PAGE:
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July 12, 2018, 12:14 p.m.
Business Models

In Alabama, a small-town paper is figuring out digital advertising — and they’re doing it live

A bet on live video, a busy news year, and maximizing staff talents let the Alexander City Outlook increase its digital ad revenue 80 percent in a year’s time.

Digital advertising has, broadly speaking, been a disappointment for American newspapers. From 2013 to 2017, digital ad revenue for newspapers increased only about 8 percent — only barely beating inflation. (Meanwhile, overall digital ad spending — dominated by Google and Facebook — more than doubled over the same period.)

But in the Alabama Piedmont, the Alexander City Outlook, print circulation of around 3,250, somehow managed to boost its digital ad revenue more than 80 percent in 2017 — from $56,000 to $104,000, Editor & Publisher reported recently. So how did the paper do it?

Alexander City is a town of 14,773 people. While in many respects “Alex” City is just another small town outside of the more metropolitan city of Montgomery, the town newspaper, with a staff of three full-time reporters plus a managing editor, is anything but.

(Tragically, after I started reporting this story, The Outlook’s editor Mitch Sneed — whose voice you’ll hear in the videos in this article — was killed when his pickup truck, stopped at a light, was hit from behind by a car July 2. He was 57 and had been the paper’s editor since 2014. You can read more about him here, here, and here. “Mitch Sneed was the heart of the newsroom,” the paper’s Santana Wood wrote. “He’s been the pulse of every news team that’s had the privilege to have him on it. Exemplifying journalism down to its very core, he was everything a journalist should be and more.”)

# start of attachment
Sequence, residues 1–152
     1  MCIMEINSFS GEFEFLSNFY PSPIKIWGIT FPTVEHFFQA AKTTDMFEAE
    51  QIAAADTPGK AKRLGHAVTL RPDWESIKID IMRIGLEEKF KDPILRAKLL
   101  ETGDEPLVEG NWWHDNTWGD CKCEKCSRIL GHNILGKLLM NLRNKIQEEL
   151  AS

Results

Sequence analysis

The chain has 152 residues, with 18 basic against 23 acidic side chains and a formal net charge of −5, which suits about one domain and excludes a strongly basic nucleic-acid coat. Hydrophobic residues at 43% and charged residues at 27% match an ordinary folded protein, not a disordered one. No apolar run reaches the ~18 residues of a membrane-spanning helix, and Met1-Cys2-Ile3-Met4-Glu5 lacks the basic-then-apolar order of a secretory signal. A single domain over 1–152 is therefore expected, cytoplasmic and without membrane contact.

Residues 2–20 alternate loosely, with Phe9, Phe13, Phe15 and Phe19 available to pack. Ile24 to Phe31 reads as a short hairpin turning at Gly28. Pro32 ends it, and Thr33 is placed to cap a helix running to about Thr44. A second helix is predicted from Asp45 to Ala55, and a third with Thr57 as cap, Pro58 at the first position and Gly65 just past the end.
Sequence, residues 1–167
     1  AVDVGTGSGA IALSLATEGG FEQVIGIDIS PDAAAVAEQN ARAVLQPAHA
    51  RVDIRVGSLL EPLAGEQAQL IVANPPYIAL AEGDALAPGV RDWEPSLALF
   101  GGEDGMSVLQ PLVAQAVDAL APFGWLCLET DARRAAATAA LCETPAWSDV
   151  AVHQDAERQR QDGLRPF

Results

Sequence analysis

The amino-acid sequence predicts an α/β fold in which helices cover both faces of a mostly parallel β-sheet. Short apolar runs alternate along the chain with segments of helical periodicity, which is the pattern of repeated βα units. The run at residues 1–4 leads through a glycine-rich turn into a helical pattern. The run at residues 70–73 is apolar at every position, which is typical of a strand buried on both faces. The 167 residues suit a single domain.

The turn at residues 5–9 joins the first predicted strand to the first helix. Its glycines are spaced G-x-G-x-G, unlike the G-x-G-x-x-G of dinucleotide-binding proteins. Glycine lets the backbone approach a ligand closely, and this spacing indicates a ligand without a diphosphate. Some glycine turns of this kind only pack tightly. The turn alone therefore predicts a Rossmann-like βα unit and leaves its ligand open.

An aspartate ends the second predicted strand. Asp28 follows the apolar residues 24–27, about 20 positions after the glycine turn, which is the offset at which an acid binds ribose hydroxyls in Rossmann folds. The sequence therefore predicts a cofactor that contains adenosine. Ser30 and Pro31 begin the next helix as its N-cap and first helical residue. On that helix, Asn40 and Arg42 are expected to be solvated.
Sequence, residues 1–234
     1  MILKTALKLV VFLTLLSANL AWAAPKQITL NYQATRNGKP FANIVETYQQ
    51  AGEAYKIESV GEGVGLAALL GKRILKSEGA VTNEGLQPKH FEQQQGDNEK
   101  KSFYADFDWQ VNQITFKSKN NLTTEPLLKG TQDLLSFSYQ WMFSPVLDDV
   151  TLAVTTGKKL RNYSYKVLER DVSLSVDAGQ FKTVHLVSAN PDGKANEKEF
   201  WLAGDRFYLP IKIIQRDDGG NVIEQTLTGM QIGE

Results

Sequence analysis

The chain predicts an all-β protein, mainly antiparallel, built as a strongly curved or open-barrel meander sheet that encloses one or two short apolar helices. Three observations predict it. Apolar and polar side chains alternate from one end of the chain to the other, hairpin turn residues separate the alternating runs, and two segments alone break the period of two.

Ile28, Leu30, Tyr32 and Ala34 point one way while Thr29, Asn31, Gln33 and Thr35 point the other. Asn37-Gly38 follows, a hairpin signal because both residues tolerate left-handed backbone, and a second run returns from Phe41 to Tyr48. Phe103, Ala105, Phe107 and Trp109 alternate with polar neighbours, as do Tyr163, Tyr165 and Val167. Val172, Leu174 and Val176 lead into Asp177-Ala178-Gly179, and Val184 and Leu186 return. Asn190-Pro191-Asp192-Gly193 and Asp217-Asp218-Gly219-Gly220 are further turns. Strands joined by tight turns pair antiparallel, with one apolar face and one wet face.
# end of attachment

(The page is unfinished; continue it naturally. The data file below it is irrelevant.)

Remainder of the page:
Scott Hardy, The Outlook’s digital marketing coordinator, attributes its digital growth to a mixture of internal transformation and external turmoil in the town. (Last year, the Southern Poverty Law Center settled a suit against the city and the police chief for creating debtors’ prisons. A councilman got into a fist fight with the mayor. The council had to elect a new police chief, a new fire chief, a new city finance director…)

But first, Steve Baker — who had an extensive background in newspaper publishing and digital sales, including as publisher of the Capital Journal in Pierre, South Dakota — was brought in to lead the newspaper in 2016. It wasn’t as if The Outlook had been struggling: The traffic numbers for the website were strong, and so were engagement levels on Facebook. Baker wondered what they could do to capitalize on that.

Hardy, who had been working on digital part-time, advanced to the position of full-time digital coordinator, bringing camera experience and interviewing skills to video. Angela Mullins, The Outlook’s business manager, researched and found new tools for the newsroom to use on a budget. Mobile reporting is relatively cheap, and video on Facebook proved to be a huge part of boosting revenue. While other papers have seen Facebook news traffic declining, The Outlook’s main audience can still be found on that platform, where its videos regularly get thousands of views. (Not bad for a town of 14,000.) The new sports editor, Lizi Arbogast, was hired in part for her videography work.